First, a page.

The Walking Dead Season Finale: Does This Deleted Scene Hint At Terminus's Backstory?

A new photograph has been released by AMC, seemingly giving a look at a deleted scene from last [...]


A new photograph has been released by AMC, seemingly giving a look at a deleted scene from last night's Season Four finale of AMC's The Walking Dead, titled "A." In the photo, seen above, Rick, Michonne, Carl and Daryl find themselves in what we assume is a room somewhere on the grounds of Terminus, in a room ringed by chained-up walkers and what looks to be fairly fresh human remains strewn along the floor. In the finale, just before they enter The Church where the Terminians have a kind of altar set up to honor their fallen, they leave the courtyard and enter directly into a very dark room. The episode then cuts to them entering The Church and continues from there.


It seems that this moment might be where the deleted scene came from, on the strength of not just the lighting (the room they entered looked much darker than The Church) but because you can (barely) see Daryl and Carl in the shadows on the far right and left of the image and Terminus is the only time the entire group was in one place, inside a building, not just this episode but since the fall of the Prison. Within the journey through Terminus, too, there's really only the one room (The Church) that's even a little bit dark. After they exit The Church, it's light on the other side of the door. In any event, the key takeaway here may be the body parts on the floor. There are no skulls that we can see; it appears to be pre-cut pieces of meat, not the bodies of people who similarly stumbled into the room and were overtaken. In fact, that the walkers are chained suggests that they probably aren't meant to actually kill anyone, just to be part of the trap laid to lead Rick and the others to their eventual fate in the boxcar. Feeding them may just be to keep them strong and prevent them from becoming emaciated like many of the "starved" walkers Rick and company have seen on the road this season and last. Of course, there's another possible explanation for it, too.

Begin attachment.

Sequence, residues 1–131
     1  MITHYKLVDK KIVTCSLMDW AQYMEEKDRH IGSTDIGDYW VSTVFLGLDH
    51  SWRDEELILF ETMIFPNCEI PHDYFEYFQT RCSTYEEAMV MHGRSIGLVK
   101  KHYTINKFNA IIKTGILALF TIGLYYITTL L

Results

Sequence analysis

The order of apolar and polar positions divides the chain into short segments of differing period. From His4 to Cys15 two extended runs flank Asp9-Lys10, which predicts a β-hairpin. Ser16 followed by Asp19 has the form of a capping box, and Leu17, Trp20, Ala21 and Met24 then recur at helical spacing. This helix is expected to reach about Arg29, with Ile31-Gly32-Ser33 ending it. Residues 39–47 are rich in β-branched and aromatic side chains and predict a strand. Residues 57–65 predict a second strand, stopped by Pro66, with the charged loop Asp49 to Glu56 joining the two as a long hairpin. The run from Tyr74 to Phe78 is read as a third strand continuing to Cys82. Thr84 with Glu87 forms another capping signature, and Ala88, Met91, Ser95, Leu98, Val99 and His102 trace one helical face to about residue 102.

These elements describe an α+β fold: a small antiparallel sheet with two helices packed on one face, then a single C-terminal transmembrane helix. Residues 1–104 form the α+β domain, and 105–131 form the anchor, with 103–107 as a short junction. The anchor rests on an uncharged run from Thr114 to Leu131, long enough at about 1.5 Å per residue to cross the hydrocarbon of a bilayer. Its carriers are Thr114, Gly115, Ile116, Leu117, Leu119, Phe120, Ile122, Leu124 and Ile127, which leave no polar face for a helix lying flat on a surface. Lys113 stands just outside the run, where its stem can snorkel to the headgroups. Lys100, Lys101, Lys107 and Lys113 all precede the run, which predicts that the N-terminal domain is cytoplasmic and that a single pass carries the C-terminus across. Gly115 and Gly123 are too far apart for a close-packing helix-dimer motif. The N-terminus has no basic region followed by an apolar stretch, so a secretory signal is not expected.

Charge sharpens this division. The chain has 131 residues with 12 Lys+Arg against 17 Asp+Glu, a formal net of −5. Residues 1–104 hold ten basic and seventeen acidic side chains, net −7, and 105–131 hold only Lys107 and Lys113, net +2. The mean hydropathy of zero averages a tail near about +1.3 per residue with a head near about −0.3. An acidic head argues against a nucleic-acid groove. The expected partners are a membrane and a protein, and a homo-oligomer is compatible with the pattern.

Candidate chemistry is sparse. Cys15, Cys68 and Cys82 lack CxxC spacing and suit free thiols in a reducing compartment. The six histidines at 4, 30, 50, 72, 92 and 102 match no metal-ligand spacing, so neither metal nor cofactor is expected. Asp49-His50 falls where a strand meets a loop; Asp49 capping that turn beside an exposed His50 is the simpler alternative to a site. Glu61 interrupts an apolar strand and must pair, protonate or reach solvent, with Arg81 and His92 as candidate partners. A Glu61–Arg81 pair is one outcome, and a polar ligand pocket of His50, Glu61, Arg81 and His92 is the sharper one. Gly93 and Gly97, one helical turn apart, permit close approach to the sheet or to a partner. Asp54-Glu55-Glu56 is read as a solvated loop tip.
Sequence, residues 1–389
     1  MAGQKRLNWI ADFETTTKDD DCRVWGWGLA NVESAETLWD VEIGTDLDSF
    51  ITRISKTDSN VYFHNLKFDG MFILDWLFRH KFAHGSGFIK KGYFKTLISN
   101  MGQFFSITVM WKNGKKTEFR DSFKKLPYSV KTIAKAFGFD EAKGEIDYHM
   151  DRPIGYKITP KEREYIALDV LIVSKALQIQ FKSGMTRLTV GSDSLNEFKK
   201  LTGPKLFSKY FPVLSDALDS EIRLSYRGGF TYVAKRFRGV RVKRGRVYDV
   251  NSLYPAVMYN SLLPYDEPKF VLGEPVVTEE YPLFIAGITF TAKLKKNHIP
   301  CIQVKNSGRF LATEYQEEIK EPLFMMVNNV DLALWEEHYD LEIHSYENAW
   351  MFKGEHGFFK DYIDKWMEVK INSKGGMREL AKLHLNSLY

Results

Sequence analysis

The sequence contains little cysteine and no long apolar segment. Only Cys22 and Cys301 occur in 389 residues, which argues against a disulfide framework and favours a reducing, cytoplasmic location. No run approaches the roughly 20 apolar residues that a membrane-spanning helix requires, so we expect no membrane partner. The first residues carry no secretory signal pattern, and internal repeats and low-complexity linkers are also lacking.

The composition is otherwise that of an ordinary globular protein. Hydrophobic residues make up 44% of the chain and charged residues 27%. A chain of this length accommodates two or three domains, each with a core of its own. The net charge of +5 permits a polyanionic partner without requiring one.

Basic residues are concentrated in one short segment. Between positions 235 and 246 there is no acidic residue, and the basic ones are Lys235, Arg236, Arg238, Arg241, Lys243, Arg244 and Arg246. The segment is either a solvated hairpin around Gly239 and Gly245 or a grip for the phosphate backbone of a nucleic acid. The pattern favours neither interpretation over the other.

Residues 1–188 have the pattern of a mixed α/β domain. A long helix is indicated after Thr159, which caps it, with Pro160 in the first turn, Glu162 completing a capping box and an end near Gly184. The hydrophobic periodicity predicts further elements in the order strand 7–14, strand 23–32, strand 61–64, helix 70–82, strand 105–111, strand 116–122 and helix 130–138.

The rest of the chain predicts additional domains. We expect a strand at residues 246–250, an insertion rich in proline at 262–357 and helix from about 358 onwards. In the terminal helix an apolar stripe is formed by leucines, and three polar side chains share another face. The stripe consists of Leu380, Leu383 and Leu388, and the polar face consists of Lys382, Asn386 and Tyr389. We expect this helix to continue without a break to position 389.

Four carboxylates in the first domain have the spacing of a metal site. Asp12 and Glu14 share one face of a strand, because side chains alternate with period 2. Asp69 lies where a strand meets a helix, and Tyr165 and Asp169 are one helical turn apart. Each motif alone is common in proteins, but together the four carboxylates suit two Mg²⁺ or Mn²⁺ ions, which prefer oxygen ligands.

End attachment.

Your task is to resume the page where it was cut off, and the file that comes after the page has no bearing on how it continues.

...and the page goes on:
"And this right here is Church. It's kind of a memorial to our departed Terminants," said Andrew J. West, who plays Gareth. The names on the floor, then, are presumed to be the loved ones of the residents of Terminus, which presumably explains why there are trinkets left behind for them while the residents of the community are fairly shameless about pillaging from the living, taking things like Glenn's pocketwatch and Eugene's riot gear. While some fans had speculated that this was in fact a room where the Terminians memorialized their victims, the notion that it's in memory of their loved ones lost would support the messages on the wall, which say things like "never trust" and "we first, always." It seems very possible that they encountered somebody like The Governor and took away very different lessons from the one Rick's group did. "There's a big story to Terminus," series creator Robert Kirkman explained in the show's postmortem at "There's a very long and involved way that Terminus came about, and that memorial is a big part of it. It's what these people have lived through and what's happened to them and what's built them into what they are, which will be revealed in Season 5. There are a lot of hints when you watch this episode closely of what's to come in Season 5, so I would definitely urge everyone to watch this episode multiple times and try to pick out the things we're teasing because there's a lot to find." So -- what if the well-fed walkers were in fact members of the Terminus community who have turned, and are continuing to serve the community by being part of the trap/maze while being nourished by their still-living loved ones, not entirely unlike The Governor and Penny (or, for that matter, Hershel and the people in his barn)? It's a leap, certainly, but not an entirely unreasonable one. That could be an interesting element to explore, given the widely-held belief that the Terminians are cannibals. In spite of strong evidence that they are last night, is it possible that they themselves are not cannibals, but rather providing for their "loved" ones? Or at a minimum, that they turned to cannibalism only after realizing that their dead loved ones were eating better than they were and that it was better to eat the strangers they were already killing anyway than to starve?